Fourteen percent of people age 65 or over need long-term care. Among those 85 or older, half need some long-term care, according to the Georgetown University Long-Term Care Financing Project. If you don’t like the sound of a nursing home, relax—today’s long-term care insurance policies can cover many other long-term care options.
Despite what many people think, most people receiving benefits under a long-term care insurance policy do not start off in a nursing home. Most new long-term care insurance claims start off paying for home care (71 percent) or assisted living facilities (13 percent), according to a 2014 study from Genworth Insurance.
With home care, the individual stays at home while receiving low-level care on a regular basis. Home care works best for those who can still do most of the “activities of daily living” themselves — eating, dressing, bathing and toileting — but need help with other personal activities, such as laundry, shopping, cooking and cleaning.
Medicare only pays for home care if you meet certain conditions; however, many long-term care insurance policies provide benefits for home care.
Assisted Living Facilities
These facilities provide help with activities of daily living such as bathing, dressing and using the bathroom. They may also provide additional services, such as helping people take medicine, get to appointments or prepare meals.
Residents often live in their own room or apartment within a building or group of buildings and have some or all of their meals together. Social and recreational activities are usually provided. Some of these facilities have health services on site.
In most cases, assisted living residents pay a regular monthly rent, with additional fees for the services they get. Not all assisted living facilities provide the same services, so please contact the facility and make sure it can meet your needs.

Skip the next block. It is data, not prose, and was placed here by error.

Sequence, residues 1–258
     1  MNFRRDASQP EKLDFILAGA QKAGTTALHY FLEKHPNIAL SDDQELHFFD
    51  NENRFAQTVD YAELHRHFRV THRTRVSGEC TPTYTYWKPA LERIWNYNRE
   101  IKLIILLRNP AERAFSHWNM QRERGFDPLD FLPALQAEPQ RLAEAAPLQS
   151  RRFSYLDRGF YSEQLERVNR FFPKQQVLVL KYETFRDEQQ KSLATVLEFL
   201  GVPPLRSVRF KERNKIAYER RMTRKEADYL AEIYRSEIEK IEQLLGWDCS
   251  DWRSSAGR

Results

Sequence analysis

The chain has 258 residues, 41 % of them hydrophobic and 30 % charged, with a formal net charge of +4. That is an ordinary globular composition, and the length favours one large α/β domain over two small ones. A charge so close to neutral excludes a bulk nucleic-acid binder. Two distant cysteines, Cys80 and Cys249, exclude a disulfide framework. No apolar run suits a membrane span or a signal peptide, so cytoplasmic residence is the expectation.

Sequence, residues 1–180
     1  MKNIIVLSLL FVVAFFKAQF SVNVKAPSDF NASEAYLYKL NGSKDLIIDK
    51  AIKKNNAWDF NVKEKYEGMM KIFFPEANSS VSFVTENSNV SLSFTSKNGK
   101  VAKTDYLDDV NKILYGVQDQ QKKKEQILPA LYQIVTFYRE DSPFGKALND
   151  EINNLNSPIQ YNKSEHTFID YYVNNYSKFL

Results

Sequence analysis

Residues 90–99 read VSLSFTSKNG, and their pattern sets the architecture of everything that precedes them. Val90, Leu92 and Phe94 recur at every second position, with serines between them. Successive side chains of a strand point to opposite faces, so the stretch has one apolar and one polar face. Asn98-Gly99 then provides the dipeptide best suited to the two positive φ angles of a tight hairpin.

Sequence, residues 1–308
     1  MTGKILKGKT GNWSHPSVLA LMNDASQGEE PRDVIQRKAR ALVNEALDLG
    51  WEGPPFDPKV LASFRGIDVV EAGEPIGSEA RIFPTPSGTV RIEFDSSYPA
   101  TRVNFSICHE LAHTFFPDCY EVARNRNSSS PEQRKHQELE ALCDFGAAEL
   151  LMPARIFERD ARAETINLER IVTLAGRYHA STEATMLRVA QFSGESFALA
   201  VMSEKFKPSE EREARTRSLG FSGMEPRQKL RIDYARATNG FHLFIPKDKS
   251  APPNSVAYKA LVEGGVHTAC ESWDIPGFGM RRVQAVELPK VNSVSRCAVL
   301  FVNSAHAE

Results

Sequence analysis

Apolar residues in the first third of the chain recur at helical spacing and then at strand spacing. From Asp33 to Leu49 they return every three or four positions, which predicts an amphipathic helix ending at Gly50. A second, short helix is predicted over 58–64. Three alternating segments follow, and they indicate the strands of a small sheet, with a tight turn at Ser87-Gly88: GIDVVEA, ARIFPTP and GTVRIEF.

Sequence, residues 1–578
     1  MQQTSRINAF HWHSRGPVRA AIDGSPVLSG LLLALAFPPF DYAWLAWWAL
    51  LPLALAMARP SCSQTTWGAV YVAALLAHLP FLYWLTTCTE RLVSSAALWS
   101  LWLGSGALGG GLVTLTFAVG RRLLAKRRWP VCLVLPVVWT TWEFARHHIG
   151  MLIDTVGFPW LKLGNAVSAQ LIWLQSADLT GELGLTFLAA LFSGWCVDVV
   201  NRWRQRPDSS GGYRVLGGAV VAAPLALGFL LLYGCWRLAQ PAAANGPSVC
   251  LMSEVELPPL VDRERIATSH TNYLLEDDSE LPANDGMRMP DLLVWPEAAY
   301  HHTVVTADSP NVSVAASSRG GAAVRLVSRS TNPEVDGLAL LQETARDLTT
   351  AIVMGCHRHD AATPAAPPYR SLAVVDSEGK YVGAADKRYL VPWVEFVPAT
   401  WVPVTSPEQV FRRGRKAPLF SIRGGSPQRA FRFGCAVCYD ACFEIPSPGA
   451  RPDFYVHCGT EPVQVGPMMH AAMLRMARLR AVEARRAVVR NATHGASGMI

Continuing Care Retirement Communities (CCRCs)
CCRCs offer more than one kind of housing and different levels of care for retirees. The community may include individual homes or apartments for residents who live on their own, an assisted living facility for people who need some help with daily care, and a nursing home for those who require more care.
Residents move from one level to another based on their needs. Your CCRC contract usually requires you to use the CCRC’s nursing home if you need nursing home care. Some CCRC’s will only admit people into their nursing home if they have previously lived in another section of the retirement community, such as their assisted living or an independent area.
If you are considering a CCRC, be sure to check its nursing home. You can find the nursing home’s quality information on Medicare’s Nursing Home Compare tool at www.medicare.gov/nhcompare. In addition, the nursing home’s inspection report should be posted in the facility itself.
Many CCRCs generally require a large payment before you move in (called an entry fee) and charge monthly fees. Find out if a CCRC is accredited and get advice on selecting this type of community from the Commission on Accreditation of Rehabilitation Facilities and the Continuing Care Accreditation Commission (CARF-CCAC).
Hospice care aims to provide comfort for terminally ill patients (with six months or less to live) and their families, not to cure illness. Hospices provide medical and support services, including nursing care, medical social services, doctor services, counseling, homemaker services and others. With hospice care, you will have a team of doctors, nurses, home health aides, social workers, counselors and trained volunteers to help you and your family cope with your illness. Depending on your condition, you may get hospice care in a hospice facility, hospital or nursing home.